Interestingly enough, in his The Power of Dissent article from 2003, Sunstein, while talking about the failures at NASA with regard to the Columbia crash, seizes the opportunity to "speak" to all organizations about the good that comes from dissent. In the very first sentence he says we "need dissenting opinions" stating later in the article that, without them, people generally end up "believing a more extreme version" of what they believed before.
In September 2003, Sunstein was the guest speaker at a Carnegie Council Meeting"the topic? Why Societies Need Dissent. Program coordinator Joanne Myers, in her introduction of Sunstein, pointed out that in his latest work of the same title he "casts new light on the fundamental importance of freedom of speech and shows us that nations are far more likely to prosper if they allow their citizens the right to think the unthinkable, discuss the unmentionable, and dare to challenge the unchallengeable."
The pieces, all authored by the same man, clearly contradict each other. Is Sunstein, then, saying that dissent is a GOOD thing during the Bush administration, where MANY questioned what Bush and his administration were up to, but NOT during the Obama administration? And, remember, when Bush got caught at the "infiltration tactics" the political left railed against him for it, yet now we have something very similar being proposed from a prominent person in the Obama administration, yet almost no one seems to be bothered by it or even talking about it.
My proposition is this: Sunstein is spewing forth the same old worn out tactics, but under a new disguise"and the died-in-the-wool Democrats, as well as others, are buying it hook, line and sinker as if it were something of a great revelation to be beheld!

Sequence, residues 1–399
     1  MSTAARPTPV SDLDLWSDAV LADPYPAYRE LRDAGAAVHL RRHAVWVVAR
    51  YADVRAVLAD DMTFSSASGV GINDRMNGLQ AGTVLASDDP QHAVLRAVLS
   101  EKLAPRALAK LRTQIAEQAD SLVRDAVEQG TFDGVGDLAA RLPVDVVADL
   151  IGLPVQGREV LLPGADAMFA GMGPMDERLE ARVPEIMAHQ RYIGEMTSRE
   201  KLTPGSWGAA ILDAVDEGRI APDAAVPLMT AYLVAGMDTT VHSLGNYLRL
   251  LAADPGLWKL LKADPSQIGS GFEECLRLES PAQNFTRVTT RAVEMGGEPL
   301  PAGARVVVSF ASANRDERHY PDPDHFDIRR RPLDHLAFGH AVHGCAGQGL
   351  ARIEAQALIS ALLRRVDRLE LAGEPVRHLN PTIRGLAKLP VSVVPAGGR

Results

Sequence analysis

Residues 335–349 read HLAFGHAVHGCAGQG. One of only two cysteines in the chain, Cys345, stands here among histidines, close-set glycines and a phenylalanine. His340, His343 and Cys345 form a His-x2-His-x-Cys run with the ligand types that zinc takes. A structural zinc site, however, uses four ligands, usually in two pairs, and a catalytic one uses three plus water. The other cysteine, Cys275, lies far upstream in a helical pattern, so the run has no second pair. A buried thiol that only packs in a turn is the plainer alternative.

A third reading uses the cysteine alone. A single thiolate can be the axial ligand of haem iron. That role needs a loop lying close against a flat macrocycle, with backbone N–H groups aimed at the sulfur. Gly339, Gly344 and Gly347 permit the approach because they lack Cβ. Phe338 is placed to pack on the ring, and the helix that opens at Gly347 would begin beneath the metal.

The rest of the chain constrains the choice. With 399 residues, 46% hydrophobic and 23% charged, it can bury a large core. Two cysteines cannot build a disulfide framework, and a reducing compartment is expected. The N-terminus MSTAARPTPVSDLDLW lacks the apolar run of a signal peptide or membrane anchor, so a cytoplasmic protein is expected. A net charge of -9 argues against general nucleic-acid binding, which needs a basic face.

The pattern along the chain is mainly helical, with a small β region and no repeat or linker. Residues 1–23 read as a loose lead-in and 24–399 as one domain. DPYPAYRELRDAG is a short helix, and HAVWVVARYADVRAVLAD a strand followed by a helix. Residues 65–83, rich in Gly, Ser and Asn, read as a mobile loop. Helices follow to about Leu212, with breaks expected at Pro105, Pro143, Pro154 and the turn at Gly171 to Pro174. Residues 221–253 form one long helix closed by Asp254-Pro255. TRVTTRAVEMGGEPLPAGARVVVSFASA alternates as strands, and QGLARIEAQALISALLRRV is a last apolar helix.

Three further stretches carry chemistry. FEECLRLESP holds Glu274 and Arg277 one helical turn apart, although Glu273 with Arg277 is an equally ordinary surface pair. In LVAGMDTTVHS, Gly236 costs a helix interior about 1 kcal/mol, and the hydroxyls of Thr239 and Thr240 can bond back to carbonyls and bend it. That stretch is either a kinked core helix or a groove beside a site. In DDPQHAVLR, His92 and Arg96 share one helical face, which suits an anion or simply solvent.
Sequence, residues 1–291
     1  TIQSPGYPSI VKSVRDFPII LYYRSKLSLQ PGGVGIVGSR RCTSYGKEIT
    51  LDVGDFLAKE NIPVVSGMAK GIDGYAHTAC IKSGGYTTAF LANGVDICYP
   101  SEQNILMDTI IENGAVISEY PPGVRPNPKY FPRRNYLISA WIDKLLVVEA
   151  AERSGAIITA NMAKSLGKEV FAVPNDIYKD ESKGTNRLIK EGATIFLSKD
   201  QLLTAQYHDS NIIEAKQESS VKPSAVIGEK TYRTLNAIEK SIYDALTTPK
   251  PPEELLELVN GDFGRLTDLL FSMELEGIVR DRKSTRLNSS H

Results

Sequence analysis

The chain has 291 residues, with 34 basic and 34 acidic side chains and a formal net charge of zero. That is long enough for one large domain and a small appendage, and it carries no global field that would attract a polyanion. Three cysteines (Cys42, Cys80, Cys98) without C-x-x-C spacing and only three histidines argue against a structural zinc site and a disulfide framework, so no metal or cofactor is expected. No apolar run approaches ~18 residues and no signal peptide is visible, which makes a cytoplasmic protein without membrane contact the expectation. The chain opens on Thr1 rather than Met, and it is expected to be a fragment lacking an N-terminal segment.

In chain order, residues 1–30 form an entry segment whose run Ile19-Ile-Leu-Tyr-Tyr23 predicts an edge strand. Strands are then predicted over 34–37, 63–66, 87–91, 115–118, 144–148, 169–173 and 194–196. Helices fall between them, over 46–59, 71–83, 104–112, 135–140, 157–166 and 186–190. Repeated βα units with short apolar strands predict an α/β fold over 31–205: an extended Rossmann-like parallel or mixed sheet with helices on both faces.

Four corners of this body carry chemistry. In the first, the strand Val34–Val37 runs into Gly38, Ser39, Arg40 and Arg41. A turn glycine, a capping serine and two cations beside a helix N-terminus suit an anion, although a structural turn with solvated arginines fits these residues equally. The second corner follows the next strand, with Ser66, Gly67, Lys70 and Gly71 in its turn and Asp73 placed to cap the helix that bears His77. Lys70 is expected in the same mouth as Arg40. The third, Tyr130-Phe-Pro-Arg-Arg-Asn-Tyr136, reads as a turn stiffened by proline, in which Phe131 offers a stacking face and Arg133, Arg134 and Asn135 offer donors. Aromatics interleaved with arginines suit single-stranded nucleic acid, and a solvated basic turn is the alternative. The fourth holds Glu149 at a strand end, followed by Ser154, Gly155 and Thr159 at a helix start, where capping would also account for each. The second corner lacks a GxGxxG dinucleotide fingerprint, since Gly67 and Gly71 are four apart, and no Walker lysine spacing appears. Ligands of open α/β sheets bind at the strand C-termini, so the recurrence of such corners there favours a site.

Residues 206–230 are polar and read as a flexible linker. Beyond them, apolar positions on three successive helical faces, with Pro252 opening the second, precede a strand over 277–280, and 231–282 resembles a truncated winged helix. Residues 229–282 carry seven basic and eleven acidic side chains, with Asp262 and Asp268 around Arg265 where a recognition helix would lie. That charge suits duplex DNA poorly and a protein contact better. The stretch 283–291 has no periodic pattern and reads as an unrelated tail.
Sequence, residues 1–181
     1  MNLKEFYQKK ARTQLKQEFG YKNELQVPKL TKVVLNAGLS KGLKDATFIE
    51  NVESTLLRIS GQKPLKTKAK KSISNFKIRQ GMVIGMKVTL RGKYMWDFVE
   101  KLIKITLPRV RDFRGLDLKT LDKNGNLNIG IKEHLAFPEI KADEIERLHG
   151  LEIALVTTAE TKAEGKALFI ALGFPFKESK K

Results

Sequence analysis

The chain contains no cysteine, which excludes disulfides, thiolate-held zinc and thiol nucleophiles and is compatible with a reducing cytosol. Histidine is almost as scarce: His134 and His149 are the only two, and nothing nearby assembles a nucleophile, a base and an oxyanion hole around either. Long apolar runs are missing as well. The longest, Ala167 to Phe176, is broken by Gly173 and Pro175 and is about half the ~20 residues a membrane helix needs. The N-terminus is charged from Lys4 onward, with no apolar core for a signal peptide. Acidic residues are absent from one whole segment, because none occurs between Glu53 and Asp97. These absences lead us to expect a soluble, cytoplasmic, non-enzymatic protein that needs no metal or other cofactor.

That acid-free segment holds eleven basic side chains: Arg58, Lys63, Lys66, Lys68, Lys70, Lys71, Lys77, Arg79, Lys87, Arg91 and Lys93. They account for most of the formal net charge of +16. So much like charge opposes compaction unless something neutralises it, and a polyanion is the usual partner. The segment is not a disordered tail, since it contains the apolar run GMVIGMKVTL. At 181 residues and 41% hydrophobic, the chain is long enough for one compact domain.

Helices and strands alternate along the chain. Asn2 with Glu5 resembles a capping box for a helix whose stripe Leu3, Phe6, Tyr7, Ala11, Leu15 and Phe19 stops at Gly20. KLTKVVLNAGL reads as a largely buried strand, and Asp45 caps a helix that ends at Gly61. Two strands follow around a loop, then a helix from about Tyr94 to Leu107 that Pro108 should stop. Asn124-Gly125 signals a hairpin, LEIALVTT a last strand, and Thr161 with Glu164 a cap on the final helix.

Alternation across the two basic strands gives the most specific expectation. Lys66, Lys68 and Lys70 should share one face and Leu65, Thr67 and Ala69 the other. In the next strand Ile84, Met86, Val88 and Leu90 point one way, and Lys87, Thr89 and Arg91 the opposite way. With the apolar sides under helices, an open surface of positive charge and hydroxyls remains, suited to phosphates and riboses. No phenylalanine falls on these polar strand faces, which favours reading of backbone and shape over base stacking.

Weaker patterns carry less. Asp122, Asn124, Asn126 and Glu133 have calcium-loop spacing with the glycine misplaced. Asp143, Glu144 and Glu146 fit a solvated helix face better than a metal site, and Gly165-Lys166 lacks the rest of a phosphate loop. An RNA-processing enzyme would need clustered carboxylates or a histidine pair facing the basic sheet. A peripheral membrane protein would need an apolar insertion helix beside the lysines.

Greenwald states that there is no proof that the program has been installed"but there is no need to "install it" because it is not a new program. What the suggested program IS is business as usual. The Bush administration, certainly guilty of "cognitive" infiltration, weren't the first to employ these kinds of Anti-First Amendment tactics. In fact, the new film Camp FEMA brought to our attention that "over the course of four Presidential administrations, FBI Director J. Edgar Hoover ordered FBI agents to "expose, disrupt, misdirect, discredit, or otherwise neutralize' the activities" of different organizations. The narrator in the film goes on to say that "the purpose of the FBI's counterintelligence program was a series of covert, and often illegal programs, conducted by the United States government and aimed squarely at investigating and disrupting dissident political organizations within the United States." (Emphasis mine)